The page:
Aww I'm sorry you've been so worried about this for so long because your risk is zero for almost everything.
First, you could have BV. That can happen to any woman, of any age, with any sexual activity - a lot or absolutely none. It does seem to happen more in women with more sexual activity, but virgins can get it, too. It's just simply an imbalance of a certain bacteria in the vagina, and the balance of the vagina is very delicate.
Since you self-treated for yeast, and it felt better then came back, it could also be a really persistent yeast infection. It's a shame they didn't run any testing on you for yeast or BV. With a persistent itch, that should be the first thing they should do.
So for STDs - the only thing that might remotely be a risk for you is genital herpes type 1, and really, if he only performed oral on you for a few seconds, it's not a risk. It takes some pretty serious friction and time to transmit that. That happens when someone who has oral hsv1 (think cold sores) performs oral sex on someone and it transmits to the genitals. It becomes genital hsv1. The number indicates the strain of the virus, not the location.
If he's a virgin, and you were his first everything, he can't have anything except hsv1 orally. A lot of people get hsv1 as children, from well-meaning adults who kiss them, or at day cares or schools when they share toys at the "let's put everything into our mouths" stage.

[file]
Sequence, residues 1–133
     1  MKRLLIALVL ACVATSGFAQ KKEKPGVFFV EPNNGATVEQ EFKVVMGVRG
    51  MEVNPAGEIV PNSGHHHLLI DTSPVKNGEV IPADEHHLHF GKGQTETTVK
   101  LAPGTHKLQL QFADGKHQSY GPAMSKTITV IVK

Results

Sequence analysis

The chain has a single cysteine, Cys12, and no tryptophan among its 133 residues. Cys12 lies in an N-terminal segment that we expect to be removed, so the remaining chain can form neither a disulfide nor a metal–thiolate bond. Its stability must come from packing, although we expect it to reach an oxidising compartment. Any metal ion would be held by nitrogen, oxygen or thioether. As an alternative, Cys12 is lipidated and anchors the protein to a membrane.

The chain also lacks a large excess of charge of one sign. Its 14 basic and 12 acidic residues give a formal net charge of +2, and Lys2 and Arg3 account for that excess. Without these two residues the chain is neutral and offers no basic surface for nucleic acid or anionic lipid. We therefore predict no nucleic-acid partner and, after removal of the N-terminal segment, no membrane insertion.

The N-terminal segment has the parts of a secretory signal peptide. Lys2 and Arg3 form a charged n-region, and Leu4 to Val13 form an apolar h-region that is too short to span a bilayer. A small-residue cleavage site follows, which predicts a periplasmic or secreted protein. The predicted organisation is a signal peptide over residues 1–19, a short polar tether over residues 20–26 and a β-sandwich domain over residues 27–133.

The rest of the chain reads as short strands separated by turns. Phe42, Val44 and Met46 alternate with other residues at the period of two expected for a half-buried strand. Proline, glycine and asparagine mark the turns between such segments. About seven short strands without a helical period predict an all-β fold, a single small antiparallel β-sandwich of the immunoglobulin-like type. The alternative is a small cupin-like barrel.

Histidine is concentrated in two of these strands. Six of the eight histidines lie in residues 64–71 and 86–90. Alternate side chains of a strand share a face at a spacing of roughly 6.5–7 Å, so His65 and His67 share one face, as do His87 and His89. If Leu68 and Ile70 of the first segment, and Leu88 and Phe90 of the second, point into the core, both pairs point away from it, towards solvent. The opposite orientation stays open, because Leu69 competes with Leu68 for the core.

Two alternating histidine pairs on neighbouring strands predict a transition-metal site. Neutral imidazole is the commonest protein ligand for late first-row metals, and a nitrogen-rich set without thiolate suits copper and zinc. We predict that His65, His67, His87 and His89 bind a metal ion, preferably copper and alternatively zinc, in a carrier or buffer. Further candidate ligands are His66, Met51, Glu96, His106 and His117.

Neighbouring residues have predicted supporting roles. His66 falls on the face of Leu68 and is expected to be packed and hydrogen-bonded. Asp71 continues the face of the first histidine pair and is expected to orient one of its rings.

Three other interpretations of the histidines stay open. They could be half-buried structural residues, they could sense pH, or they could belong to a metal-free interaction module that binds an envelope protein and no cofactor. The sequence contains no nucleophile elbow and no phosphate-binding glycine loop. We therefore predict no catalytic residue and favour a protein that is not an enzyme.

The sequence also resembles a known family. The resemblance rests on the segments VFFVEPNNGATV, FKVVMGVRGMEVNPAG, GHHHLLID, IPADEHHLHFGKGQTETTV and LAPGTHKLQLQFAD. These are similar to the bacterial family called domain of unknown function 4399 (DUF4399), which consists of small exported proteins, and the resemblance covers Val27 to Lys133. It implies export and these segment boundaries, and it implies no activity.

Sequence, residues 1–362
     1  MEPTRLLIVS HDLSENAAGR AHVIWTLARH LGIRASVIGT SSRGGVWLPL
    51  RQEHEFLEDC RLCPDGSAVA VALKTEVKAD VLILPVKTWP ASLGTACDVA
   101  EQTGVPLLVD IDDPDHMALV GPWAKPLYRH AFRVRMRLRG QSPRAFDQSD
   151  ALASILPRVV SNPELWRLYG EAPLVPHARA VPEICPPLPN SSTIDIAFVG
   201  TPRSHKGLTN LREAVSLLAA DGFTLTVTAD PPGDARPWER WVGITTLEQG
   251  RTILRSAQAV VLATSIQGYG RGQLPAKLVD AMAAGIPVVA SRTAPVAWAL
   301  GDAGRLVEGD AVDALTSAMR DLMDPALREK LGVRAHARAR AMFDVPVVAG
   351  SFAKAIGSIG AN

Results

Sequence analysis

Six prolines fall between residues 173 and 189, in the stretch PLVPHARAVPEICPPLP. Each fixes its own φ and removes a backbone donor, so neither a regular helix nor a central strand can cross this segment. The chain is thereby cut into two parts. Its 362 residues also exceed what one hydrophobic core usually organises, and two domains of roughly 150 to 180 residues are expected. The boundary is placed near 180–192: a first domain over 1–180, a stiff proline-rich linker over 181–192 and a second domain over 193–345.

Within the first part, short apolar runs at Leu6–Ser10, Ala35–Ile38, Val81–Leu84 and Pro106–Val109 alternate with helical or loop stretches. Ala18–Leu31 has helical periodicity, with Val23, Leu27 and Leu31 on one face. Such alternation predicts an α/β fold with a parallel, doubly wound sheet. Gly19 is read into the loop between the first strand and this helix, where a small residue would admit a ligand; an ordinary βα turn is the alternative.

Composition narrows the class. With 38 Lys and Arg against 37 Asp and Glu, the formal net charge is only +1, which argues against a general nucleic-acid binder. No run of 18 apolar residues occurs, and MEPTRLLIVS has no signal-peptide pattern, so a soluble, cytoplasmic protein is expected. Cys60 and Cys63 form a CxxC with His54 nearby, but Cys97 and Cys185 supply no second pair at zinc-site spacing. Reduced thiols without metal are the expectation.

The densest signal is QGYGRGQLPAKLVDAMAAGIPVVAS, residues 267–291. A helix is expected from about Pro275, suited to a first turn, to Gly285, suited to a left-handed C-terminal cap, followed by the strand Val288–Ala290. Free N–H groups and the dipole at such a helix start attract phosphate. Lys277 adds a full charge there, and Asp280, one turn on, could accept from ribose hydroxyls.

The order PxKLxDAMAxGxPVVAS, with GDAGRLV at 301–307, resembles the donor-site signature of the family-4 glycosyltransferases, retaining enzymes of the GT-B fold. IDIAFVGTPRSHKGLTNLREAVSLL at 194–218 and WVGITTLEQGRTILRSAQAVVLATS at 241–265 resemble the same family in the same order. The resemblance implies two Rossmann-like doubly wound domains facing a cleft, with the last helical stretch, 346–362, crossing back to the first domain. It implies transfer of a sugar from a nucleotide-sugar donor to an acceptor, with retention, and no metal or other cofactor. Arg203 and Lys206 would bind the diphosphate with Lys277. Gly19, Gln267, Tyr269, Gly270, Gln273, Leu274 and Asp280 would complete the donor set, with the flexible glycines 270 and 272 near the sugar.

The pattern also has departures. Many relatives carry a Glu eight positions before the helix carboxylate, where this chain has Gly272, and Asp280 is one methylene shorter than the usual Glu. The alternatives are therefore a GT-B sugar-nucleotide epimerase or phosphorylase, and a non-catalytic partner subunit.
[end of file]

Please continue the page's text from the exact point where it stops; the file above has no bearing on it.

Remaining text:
If he didn't have any visible sores, though, chances of you getting it are very low, whether through kissing or oral sex. I wouldn't even worry about it. If you have hsv1 already, you can't get it again.
The rest is not a concern at all. He can't have it, and oral sex is much lower risk than vaginal or anal sex, and your oral sex was so, so brief. Your doctor was correct that you didn't need to test. For future reference, testing at 5 days is conclusive for gonorrhea and chlamydia. Depending on the test, HIV is usually conclusive at 28 days if you are using the most current tests, and syphilis at 6 weeks. Herpes blood tests are conclusive at 12 weeks.
STDs are transmitted by oral, vaginal and anal sex. Condoms offer full protection for gonorrhea, chlamydia, trichomoniasis, HIV and hepatitis B. Condoms offer significant but not full protection for herpes, syphilis, and HPV. Vaccines are available for hep B and HPV. If you haven't received them yet, talk to your doctor about them.
I don't know what's happening to your mouth. It's not related to any activity with your boyfriend. Maybe it's an allergy to something you are eating or drinking? Your doctor can help figure that out.
So long story short - it could easily be BV (which can cause PID) or yeast. Ask your gyno to test you for those. Don't self-treat again. You had no risk for anything, and don't need any STD testing. Ask your doctor about hep B and HPV vaccines.